You can see all the official photos at Oslo Design Fair, here today I am sharing my own interpratation and what caught mine and my cameras attention.

//Photography and editing by Katerina Dima

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Styling and photography by Katerina Dima unless otherwise stated.  

3 Days of Design : Part 2

June 12, 2017

As promised today I am sharing Part 2 from my time at 3 Days of Design with some of the things that caught my eye (check for part 1 here). Read below for some of my impressions from Menu, &Tradition, Muuto, Republic of Fritz Hansen, Erik Jørgensen, Montana and finally a small tribute to designer Mia Lagerman. 

Let me start with one of the nights I enjoyed the most when I had dinner at Menu Space, Menu‘s brand new design studio, office space and cafe, in the harbor district of Nordhavn a day before their official opening. An incredible night that started with a solo violinist greeting us outside, amazing dinner with the owners of Menu, danish designers, architects,stylists and photographers, and few of the most influential people in the design world today. In front of me sat Kinfolk editor in chief Nathan Williams while on my right co-founder of Norm Architects and Menu’s Design Manager Jonas Bjerre-Poulsen who greeted us with an introduction about the space, the design process and some words on the evolution of its architecture throughout the years to come. The evening finished with an improv performance from 3 ballet dancers from the Royal Danish Ballet ( Hannah in the House also took some beautiful photos you can check out here including some of the performance). If you have time, do go by the new Menu space, it is definitely one of my first stops next time in Copenhagen! 

The second day after a very busy morning we headed out to the &tradition showroom . The Village, promptly named is created as a contemporary small scale version of a monochrome and harmonious village structure inside a big warehouse on the Paper Island in Copenhagen. Twelve monolithic enclaves have been constructed to showcase different furniture scenarios from different designers – all varying in height to allow for different light. While each one is an entity all on its own, assembled under one roof, the space is an abstract archetype of a village.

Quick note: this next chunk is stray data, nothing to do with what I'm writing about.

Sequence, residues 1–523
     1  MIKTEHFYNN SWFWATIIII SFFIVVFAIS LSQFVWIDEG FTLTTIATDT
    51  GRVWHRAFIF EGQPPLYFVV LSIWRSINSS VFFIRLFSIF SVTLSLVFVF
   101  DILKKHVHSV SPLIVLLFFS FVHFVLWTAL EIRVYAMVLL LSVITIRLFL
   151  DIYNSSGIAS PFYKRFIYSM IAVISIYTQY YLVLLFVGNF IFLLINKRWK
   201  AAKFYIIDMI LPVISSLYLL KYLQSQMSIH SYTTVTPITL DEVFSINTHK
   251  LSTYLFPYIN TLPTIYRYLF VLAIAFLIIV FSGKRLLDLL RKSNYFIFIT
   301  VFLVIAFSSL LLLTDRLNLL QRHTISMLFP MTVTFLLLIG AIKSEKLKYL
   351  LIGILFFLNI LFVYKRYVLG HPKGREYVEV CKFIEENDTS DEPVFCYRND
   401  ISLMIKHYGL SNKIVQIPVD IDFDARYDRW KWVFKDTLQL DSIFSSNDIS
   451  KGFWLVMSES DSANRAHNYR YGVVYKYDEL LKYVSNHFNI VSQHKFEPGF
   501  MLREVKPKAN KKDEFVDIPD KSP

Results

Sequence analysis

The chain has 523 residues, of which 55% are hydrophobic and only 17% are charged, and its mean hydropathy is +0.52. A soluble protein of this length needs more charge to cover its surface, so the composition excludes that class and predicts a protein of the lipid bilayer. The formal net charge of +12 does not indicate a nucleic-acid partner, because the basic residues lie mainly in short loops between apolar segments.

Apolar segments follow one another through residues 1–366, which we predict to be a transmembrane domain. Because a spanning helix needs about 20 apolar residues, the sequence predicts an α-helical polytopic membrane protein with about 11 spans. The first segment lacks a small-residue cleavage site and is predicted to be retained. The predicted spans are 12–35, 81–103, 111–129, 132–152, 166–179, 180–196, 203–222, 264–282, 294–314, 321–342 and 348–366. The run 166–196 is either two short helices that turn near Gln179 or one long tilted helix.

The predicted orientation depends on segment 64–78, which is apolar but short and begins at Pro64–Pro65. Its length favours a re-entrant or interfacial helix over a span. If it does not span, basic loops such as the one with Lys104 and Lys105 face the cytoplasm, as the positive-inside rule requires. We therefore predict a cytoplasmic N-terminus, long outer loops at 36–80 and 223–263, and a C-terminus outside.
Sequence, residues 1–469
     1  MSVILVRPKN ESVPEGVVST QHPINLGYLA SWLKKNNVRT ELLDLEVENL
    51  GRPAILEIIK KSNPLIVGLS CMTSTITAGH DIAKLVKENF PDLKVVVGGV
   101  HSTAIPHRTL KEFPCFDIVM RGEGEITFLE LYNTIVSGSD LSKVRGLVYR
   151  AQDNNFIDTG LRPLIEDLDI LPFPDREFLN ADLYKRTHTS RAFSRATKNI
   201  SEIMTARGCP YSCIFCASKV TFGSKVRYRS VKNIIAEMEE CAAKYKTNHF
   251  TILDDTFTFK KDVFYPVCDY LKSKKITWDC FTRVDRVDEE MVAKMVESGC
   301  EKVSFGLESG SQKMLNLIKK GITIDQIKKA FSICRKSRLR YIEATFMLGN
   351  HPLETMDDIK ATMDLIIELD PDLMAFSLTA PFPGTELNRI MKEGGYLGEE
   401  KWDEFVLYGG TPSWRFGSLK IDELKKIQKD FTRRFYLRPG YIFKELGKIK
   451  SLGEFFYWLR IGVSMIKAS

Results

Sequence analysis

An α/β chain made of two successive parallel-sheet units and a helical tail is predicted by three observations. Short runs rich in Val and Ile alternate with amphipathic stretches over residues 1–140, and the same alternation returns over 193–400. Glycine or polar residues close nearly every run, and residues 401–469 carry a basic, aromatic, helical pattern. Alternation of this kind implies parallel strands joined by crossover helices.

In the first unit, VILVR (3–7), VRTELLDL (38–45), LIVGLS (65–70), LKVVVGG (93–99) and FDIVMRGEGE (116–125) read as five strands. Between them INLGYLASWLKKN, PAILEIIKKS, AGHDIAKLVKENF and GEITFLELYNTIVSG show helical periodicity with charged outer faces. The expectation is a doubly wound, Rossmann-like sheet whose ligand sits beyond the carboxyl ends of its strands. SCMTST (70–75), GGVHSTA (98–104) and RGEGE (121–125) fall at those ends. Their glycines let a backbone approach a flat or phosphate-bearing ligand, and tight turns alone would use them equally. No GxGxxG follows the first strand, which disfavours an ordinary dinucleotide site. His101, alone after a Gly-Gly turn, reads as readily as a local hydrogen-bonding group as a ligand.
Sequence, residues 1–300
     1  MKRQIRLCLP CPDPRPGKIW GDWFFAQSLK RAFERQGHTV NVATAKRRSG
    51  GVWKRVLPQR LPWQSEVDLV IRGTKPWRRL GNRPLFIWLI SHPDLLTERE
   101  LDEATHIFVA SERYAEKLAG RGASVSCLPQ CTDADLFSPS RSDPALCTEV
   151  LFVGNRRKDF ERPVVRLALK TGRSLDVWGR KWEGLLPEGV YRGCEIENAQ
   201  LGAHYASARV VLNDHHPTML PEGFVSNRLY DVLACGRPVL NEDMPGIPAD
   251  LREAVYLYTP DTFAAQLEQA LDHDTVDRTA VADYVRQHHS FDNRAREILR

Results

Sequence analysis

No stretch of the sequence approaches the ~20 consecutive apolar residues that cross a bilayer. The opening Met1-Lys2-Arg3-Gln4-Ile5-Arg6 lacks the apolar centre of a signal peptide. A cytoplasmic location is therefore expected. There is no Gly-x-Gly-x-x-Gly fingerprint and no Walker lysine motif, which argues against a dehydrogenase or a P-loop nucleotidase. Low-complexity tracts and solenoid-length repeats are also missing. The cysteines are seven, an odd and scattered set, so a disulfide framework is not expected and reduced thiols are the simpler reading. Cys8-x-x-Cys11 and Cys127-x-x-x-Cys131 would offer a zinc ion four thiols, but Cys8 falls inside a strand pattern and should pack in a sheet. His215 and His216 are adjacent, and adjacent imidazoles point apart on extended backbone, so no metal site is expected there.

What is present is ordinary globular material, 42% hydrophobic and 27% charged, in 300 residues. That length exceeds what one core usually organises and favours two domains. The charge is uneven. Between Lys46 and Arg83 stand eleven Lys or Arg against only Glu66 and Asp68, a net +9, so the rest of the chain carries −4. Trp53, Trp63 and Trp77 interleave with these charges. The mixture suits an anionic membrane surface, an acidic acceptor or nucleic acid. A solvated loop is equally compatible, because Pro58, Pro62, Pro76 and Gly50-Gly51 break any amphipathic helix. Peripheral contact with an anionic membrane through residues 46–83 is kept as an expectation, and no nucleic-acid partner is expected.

The evening started early with design talks from co-founder of Norm Architects Jonas Bjerre-Poulsen and Space Copenhagen . Later the party started that lasted until almost early hours of the morning, probably the best place to be the second night of 3 Days of Design 🙂

Earlier the same day it was time to visit Muuto and my friends that work there. Muuto is a Scandinavian design company that joins forces with the leading contemporary designers to create original products with new perspectives. The result is an innovative, aesthetic and functional collection of New Nordic furniture, lighting and accessories for modern interiors all over the world. The Muuto showroom is located in the heart of Copenhagen, in a bright and inviting space, which also features a beautiful rooftop terrace – here you can enjoy a one-of-a-kind view of the Copenhagen skyline. We were again lucky to be there around lunch time so we were treated to an amazing lunch on the rooftop terrace, my big thanks to Katrine for being such a great host and for the impromptu invite! Next time I am coming over I know about when is the best time to visit 🙂